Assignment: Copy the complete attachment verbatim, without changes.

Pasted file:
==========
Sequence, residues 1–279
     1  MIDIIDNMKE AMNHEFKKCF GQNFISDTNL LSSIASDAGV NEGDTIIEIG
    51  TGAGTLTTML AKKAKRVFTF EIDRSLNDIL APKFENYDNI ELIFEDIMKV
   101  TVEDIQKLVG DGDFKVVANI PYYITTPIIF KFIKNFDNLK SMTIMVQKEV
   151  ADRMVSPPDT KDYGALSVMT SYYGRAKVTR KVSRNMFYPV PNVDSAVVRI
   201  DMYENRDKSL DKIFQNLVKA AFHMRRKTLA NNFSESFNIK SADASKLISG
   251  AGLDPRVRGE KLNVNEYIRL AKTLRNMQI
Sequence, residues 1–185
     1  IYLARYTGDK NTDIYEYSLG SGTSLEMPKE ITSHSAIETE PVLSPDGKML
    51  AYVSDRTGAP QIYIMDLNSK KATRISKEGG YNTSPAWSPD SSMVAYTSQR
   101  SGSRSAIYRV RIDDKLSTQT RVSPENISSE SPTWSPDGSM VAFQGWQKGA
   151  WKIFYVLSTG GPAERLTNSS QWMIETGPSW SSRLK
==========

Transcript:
Sequence, residues 1–279
     1  MIDIIDNMKE AMNHEFKKCF GQNFISDTNL LSSIASDAGV NEGDTIIEIG
    51  TGAGTLTTML AKKAKRVFTF EIDRSLNDIL APKFENYDNI ELIFEDIMKV
   101  TVEDIQKLVG DGDFKVVANI PYYITTPIIF KFIKNFDNLK SMTIMVQKEV
   151  ADRMVSPPDT KDYGALSVMT SYYGRAKVTR KVSRNMFYPV PNVDSAVVRI
   201  DMYENRDKSL DKIFQNLVKA AFHMRRKTLA NNFSESFNIK SADASKLISG
   251  AGLDPRVRGE KLNVNEYIRL AKTLRNMQI
Sequence, residues 1–185
     1  IYLARYTGDK NTDIYEYSLG SGTSLEMPKE ITSHSAIETE PVLSPDGKML
    51  AYVSDRTGAP QIYIMDLNSK KATRISKEGG YNTSPAWSPD SSMVAYTSQR
   101  SGSRSAIYRV RIDDKLSTQT RVSPENISSE SPTWSPDGSM VAFQGWQKGA
   151  WKIFYVLSTG GPAERLTNSS QWMIETGPSW SSRLK